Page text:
(Bloomberg) -- Yahoo was ordered to make “specified and mandatory” changes as its chief privacy regulator in Europe concluded a probe into one of the “biggest data breaches in history,” saying the U.S. tech firm hadn’t done enough to avoid leaks.

The oversight of the data processing operations by Yahoo failed to meet the standards required under EU law and the company “did not take sufficient reasonable steps” that ensure that the needed technical security and organizational measures were in place, the Irish data protection regulator said, according to a statement late last week.

“The data breach ranks as one of the largest breaches to impact EU citizens, affecting approximately 39 million European users,” the Irish authority said. “It is the largest breach which has ever been notified to and investigated” by the watchdog.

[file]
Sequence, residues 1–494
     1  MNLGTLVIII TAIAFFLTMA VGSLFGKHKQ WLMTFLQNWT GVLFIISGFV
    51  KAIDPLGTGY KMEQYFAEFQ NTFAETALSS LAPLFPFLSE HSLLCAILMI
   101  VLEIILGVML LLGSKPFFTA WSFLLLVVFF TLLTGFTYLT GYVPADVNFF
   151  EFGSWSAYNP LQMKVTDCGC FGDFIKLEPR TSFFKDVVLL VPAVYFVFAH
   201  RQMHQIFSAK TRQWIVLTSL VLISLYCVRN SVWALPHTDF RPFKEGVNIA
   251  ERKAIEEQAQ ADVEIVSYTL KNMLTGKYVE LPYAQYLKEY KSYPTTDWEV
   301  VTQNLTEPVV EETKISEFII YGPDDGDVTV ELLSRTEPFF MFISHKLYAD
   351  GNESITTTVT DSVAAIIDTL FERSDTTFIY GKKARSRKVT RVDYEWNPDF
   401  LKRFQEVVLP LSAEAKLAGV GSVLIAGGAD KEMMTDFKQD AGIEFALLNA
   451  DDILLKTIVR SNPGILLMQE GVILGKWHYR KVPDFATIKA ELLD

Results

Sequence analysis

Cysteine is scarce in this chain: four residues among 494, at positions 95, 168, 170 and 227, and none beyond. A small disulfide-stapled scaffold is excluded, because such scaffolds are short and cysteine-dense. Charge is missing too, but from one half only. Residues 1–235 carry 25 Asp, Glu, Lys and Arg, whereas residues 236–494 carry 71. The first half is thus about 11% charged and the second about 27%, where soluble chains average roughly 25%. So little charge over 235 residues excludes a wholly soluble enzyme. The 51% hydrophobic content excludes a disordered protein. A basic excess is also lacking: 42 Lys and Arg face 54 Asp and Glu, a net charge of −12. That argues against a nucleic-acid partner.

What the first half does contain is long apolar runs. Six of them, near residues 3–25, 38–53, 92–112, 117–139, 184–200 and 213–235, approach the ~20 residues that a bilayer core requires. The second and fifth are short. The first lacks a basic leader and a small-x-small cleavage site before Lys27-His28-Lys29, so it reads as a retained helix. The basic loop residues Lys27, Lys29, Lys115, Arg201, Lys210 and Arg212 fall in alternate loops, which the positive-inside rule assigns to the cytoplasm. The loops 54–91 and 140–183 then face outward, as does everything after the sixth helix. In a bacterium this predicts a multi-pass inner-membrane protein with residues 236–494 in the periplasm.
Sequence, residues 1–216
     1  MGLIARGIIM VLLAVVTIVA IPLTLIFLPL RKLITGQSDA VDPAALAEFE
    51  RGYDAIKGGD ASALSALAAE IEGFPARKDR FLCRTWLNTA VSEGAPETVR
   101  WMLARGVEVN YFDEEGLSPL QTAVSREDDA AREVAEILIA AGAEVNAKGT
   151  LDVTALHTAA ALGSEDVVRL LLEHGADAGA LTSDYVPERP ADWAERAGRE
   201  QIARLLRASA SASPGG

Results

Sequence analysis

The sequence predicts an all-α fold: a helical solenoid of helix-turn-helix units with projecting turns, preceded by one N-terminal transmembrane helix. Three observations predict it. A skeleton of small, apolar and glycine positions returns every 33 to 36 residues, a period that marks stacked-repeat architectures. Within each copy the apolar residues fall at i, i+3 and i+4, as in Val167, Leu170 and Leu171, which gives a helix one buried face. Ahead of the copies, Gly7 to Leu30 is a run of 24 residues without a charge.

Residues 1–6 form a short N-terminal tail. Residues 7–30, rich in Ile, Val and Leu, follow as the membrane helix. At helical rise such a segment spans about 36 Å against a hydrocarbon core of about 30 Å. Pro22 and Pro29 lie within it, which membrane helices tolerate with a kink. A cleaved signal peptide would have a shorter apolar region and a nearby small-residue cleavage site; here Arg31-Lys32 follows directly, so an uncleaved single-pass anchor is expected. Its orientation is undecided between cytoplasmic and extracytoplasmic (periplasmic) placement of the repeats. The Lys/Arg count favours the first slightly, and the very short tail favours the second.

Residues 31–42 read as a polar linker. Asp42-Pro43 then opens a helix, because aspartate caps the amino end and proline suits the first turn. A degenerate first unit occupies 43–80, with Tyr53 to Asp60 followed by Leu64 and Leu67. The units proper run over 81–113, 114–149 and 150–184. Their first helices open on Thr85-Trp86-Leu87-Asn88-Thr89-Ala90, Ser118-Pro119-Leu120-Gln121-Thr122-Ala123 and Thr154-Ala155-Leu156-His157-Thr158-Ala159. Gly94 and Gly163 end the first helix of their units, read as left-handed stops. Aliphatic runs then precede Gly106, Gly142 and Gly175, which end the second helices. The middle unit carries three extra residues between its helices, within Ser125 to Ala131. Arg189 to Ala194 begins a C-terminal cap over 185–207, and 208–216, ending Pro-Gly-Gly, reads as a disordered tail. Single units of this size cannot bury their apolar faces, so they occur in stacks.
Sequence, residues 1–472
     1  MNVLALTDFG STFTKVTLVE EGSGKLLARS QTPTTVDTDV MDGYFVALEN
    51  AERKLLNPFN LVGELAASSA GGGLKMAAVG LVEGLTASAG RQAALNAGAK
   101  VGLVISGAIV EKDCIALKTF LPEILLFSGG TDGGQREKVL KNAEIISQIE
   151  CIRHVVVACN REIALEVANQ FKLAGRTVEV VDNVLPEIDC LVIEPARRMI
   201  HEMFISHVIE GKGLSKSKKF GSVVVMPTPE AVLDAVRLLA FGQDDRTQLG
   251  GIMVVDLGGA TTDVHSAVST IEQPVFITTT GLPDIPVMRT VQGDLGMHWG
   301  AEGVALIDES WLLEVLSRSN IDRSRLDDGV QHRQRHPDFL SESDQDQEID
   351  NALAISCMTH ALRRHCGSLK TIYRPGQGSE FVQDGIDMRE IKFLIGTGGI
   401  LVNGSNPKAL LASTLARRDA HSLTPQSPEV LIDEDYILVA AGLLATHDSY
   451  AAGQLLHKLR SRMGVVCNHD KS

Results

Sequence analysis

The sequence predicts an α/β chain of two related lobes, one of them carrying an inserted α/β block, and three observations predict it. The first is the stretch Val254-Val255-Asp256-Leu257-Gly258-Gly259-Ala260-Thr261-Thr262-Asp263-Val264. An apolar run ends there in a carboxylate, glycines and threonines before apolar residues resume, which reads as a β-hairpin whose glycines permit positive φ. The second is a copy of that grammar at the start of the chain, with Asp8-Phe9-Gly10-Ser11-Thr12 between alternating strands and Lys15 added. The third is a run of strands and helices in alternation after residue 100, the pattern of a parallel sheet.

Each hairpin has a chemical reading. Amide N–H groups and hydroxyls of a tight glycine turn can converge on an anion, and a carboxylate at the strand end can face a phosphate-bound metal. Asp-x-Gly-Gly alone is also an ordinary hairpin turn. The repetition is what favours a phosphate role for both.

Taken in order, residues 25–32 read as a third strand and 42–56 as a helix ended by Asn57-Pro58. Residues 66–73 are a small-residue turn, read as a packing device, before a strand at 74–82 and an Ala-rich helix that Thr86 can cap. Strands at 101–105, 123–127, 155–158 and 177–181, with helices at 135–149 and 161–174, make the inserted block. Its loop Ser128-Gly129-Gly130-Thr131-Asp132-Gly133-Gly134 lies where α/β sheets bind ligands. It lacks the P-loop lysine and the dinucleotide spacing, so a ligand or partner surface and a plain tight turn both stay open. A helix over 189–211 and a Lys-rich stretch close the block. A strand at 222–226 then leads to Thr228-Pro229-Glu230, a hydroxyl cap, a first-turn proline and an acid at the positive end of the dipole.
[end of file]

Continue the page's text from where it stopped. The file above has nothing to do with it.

Yahoo is now part of Verizon Communications Inc.’s Oath internet unit. Oath declined to comment.

The revelation by Yahoo in 2016 that the personal information of about half a billion people was stolen in a 2014 attack on its accounts, was followed just a few months later by the news of a second major security breach that may have affected more than 1 billion user accounts.

Under new European Union rules in place since May 25, such violations could lead to fines of as much as 4 percent of a company’s global annual sales. The law applies to violations committed on or as of that date and not retro-actively. The office of Helen Dixon, the Irish privacy commissioner, is the lead regulator for companies with EU bases there, including Yahoo, Facebook Inc., Apple Inc. and LinkedIn Corp.

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